Ramadan, the holy month in the Islamic world dedicated to fasting, prayer, and reflection, takes place this year from April 2 to May 2. The dates change annually as they are determined by the sighting of a new moon, and for many Muslims the start and end of Ramadan is declared the day before. During Ramadan, Muslims fast from sunrise to sunset. For non-Muslims in Saudi Arabia, there are still ways you can get involved and join your neighbors in the spirit of Ramadan:
1. Try Ramadan Food Staples
Although restaurants are closed during the day, and food delivery services like Jahez and Careem only operate outside of fasting hours, restaurants will fill up quickly and friends and family will gather at home after sunset for Iftar. Iftar dinners are heavy meals consisting of a main dish of beef or chicken, along with other typical Saudi dishes like sambousas, lentil soup, dates, or matazeez. If you wake up before dawn for suhur, the pre-fasting meal, you can start the day off with a cup of Arabic coffee.
After dinner, you can follow up with delicious desserts like umm ali, basbousa, or qatayef.
3. Ramadan Decorations
This year, demand for Ramadan-themed decorations and decorative fabrics have skyrocketed from last year’s Ramadan. Popular items include ornamental lanterns, colored lights, crescent moons, and textiles you can wear or use to highlight your home’s décor. Decorations can be bought from many souqs, city malls, street vendors, and stores like IKEA, SACO, or CentrePoint. Much like Christmas decorations, Ramadan decorations will help put you and your friends in the holiday spirit and is a nice way to liven up your home during the month.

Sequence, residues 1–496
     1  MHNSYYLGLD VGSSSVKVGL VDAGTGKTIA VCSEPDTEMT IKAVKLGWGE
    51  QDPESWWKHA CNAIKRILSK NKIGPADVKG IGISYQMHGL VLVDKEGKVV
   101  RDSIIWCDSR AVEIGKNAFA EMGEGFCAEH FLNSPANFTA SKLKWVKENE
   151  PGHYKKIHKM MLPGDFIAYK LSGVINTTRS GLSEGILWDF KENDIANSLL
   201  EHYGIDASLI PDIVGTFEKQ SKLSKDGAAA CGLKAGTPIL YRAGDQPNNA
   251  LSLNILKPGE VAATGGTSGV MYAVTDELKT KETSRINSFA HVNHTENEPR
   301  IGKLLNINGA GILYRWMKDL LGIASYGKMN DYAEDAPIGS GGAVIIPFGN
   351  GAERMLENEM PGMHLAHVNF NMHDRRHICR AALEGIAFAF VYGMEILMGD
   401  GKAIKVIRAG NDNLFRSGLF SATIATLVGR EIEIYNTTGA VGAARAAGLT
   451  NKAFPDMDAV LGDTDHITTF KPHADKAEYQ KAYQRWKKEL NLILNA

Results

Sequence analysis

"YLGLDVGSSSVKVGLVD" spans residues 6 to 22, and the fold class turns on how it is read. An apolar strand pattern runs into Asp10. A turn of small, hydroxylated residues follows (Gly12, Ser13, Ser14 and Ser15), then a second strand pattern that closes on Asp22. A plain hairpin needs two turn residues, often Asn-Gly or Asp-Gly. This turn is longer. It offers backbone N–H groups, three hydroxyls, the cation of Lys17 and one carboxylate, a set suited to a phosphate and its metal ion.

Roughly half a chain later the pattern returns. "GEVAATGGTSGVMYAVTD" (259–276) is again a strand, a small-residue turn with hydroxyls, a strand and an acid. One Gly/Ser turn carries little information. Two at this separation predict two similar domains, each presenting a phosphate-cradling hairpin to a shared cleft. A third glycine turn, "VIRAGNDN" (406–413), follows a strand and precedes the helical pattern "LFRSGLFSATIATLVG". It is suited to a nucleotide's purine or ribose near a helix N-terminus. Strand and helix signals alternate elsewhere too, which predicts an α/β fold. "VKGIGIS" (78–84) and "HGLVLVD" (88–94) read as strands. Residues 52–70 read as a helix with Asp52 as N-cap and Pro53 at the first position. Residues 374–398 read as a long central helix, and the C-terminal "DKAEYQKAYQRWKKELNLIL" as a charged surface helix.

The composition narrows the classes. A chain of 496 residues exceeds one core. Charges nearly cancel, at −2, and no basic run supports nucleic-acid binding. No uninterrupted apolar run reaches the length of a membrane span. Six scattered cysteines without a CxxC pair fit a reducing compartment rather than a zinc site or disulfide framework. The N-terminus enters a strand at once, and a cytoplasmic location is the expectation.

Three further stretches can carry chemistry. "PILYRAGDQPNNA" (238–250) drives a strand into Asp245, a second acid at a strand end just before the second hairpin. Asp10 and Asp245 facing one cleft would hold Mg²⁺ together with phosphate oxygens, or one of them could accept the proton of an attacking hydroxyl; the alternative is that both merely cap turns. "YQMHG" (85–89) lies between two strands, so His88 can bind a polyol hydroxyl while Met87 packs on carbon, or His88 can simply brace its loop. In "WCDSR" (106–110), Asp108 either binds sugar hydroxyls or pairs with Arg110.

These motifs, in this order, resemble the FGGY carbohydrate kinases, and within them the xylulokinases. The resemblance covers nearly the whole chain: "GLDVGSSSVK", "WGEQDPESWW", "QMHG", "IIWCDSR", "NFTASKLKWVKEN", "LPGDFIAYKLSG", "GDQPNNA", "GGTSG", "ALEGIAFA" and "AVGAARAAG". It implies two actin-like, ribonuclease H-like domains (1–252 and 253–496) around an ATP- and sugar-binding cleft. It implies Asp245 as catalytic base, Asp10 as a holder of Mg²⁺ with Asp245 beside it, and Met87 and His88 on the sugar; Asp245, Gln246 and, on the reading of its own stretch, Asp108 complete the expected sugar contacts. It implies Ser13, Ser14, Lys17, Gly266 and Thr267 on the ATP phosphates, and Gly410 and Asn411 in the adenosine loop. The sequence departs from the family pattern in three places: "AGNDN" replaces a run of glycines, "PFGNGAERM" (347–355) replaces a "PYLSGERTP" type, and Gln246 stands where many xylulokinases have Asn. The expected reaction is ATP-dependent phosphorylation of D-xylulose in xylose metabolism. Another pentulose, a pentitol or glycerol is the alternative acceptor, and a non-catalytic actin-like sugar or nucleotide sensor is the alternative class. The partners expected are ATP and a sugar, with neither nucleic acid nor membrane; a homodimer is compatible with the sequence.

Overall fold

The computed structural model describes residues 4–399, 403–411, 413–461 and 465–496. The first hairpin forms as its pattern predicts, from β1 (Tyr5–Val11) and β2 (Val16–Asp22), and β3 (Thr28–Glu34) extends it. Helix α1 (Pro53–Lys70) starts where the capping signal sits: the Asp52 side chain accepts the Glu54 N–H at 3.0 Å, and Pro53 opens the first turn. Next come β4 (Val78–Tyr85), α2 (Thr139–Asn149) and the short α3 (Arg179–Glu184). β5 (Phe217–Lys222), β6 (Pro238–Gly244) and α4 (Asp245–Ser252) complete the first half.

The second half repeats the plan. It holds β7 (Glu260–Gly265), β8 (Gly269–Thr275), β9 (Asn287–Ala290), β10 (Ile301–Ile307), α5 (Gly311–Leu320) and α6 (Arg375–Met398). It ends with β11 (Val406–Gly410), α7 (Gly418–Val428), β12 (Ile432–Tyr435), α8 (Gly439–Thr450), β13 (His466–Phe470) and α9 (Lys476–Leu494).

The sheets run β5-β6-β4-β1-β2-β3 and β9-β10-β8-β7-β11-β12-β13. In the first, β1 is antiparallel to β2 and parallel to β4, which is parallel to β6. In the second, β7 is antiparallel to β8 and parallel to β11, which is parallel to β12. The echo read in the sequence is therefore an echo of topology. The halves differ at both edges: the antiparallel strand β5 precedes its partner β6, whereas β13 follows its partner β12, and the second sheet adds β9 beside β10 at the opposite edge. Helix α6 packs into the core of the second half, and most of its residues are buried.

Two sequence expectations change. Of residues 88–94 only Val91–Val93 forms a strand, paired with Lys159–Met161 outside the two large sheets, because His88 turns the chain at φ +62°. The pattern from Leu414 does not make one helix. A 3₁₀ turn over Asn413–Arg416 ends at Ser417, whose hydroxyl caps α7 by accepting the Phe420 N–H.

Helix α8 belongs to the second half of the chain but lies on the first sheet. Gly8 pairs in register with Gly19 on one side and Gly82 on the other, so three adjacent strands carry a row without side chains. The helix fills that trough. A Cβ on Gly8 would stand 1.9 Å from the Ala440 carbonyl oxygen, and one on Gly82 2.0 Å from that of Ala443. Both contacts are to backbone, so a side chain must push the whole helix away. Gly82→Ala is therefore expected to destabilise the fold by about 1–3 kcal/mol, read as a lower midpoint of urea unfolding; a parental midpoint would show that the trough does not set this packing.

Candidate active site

Traditionally, Ramadan fasters will clean their teeth throughout the day with a miswak, a small stick with a frayed end that is broken off of the tree Salvadora persica (also known as a mustard tree). It’s used to prevent accidental swallowing of toothpaste, but also is just a common tradition during the holy month to help stave off hunger as it provides an earthy, fresh, slightly gingery taste. You can find your own miswak, or you can buy them in grocery stores, souqs, and street vendors almost anywhere.
5. Ramadan Greetings
You can say “Ramadan Mubarak” as a general greeting during the Ramadan month, which translates to “blessed Ramadan!” You can also say “Ramadan kareem,” which means “generous Ramadan.” Finally, when the month of fasting is over, you can greet people with “Eid Mubarak!” This means “blessed feast” or “blessed celebration” and is used to mark Eid al-Fitr, a joyous holiday marked with feasting and gatherings of family and friends. This year, Eid al-Fitr is expected to begin on the evening of May 2 or 3.